I encourage you to not only ask questions, check your bias but also to get out of your comfort zone to develop better empathy. We have a big problem with this is North America. We focus on living a life of comfort. I encourage you to live a life of service and see how that changes you. Expose yourself to world you know nothing about (foster care being one of them of course) but consider volunteering at a pregnancy crisis centre, a homeless shelter, a women’s shelter or even your local food bank or mental health facility. If you have been around here for any period of time you have probably heard me say that we are all broken but those of us who are less broken have a responsibility to others who are a little more broken.
Why is it so important as a foster parent?
Often when we step into the role of foster parenting we are stepping into brokenness that we know nothing about.
And if we do have personal experience in our history or in our families with certain things like mental health or drug addiction we find it is a lot easier to be empathetic to the families we work with.
If we come from a background of roses and sunshine then it is going to be very hard to understand why some of the bio parents we work with make the decisions that they do. It doesn’t ever mean we agree with the decisions but we can see for example how someone got into the position they are in, be empathetic to their perspective and motivations and try and help and support them to a better place.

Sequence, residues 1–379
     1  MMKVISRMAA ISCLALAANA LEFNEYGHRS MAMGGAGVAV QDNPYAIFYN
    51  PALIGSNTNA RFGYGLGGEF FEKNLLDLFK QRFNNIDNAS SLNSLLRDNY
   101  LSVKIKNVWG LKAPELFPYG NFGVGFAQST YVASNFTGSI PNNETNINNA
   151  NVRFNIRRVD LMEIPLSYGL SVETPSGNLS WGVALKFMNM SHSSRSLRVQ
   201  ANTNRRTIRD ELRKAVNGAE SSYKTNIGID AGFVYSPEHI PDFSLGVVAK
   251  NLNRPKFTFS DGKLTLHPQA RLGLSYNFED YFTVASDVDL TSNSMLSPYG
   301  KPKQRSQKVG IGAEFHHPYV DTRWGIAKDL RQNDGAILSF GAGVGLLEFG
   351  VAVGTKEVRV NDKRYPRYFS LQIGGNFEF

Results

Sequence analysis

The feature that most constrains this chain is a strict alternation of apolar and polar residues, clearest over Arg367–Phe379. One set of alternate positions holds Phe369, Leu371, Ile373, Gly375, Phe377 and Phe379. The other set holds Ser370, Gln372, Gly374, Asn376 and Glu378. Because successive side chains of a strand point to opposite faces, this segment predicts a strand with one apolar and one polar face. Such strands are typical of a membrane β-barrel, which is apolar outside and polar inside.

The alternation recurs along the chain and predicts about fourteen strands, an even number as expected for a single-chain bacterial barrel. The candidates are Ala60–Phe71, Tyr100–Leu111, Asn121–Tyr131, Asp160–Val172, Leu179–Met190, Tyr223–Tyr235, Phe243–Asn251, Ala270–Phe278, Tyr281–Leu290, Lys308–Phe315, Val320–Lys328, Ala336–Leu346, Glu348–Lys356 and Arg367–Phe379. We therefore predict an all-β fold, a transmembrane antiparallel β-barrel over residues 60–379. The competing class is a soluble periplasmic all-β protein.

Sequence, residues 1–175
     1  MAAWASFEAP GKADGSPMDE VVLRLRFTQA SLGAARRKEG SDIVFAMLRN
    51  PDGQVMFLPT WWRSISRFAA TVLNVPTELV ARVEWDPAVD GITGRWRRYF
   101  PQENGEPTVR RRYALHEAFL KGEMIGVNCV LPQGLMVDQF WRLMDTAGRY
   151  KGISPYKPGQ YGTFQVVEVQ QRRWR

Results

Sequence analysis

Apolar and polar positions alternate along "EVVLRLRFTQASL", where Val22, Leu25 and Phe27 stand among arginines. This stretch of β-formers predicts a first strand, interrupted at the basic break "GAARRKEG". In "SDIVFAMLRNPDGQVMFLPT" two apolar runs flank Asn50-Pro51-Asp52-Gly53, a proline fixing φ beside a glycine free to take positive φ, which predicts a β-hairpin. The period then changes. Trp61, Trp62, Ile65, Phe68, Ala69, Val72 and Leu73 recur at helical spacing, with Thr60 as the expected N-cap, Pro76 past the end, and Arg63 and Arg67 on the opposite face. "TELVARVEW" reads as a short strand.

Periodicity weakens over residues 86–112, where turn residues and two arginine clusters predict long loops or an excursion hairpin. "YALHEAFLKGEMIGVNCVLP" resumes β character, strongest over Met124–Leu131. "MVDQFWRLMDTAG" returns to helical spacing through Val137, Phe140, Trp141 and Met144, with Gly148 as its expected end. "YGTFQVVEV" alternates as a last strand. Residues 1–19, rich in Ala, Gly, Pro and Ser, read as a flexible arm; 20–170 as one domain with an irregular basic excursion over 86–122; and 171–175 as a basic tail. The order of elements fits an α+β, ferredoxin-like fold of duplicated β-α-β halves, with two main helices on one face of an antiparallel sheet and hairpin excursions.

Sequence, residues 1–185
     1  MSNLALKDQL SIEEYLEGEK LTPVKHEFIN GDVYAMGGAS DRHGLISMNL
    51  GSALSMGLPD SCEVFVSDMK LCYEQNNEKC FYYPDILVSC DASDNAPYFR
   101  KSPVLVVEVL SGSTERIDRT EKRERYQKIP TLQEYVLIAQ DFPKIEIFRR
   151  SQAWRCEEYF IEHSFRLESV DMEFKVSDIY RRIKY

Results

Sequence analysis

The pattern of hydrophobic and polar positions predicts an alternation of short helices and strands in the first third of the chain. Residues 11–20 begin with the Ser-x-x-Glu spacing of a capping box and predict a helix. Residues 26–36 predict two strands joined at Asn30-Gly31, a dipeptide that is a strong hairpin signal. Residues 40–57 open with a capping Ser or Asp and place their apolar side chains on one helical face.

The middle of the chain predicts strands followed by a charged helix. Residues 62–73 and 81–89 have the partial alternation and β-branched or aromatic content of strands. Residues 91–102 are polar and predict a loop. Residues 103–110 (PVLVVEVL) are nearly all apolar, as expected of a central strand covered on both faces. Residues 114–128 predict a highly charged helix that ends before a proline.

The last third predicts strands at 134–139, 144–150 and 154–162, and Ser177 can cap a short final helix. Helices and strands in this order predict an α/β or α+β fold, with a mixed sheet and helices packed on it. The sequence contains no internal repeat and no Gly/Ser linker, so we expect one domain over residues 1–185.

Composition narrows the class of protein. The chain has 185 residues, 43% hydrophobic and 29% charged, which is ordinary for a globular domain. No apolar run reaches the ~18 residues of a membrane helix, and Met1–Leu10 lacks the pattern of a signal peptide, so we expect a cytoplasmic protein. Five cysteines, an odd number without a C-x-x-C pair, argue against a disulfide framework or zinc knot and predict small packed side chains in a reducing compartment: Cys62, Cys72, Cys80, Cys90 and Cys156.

It can also be very hard to parent trauma behaviours if we can’t gain perspective and understand what is going through their brains. You may think why are they behaving this way or why are they saying such things? It often feels like you are trying to fix something that’s broken. Empathy helps you change your perspective from how can I fix these behaviors to this child is really struggling how can I meet them where they are at and work through this together.
Sympathy VS Empathy
Sympathy is more like feeling bad for someone. I saw this video in my foster parent training and they used a visual about sympathy being you feel bad for someone stuck at the bottom of a well or a pit, so to help them you put a ladder down and help them up.
Where empathy is climbing down the ladder, experiencing what they are experiencing and climbing up the ladder together hand in hand with sharing the same perspective.
So I encourage you to really think about this, read some books on empathy and see how you can develop this skill in order to serve you better as a foster parent. When you are a better foster parent, those you are helping will be better off too.
Expose yourself to as many perspectives as possible. This truly is the best way to remove our own lenses’ and see the world through someone else’s. We have so much to learn.
This will also help us when dealing with the foster care agency and social workers. Putting yourself in their shoes is so important. You don’t know what they saw today or has to do. They had to remove a child from a screaming and angry addicted parent, they had to pick bring a baby to the hospital with broken limbs from abuse. They had to move a teen to yet another foster placement. Their jobs are tough and it is so important to your working relationship to be empathetic with them. To be patient when they didn’t get back to you right away.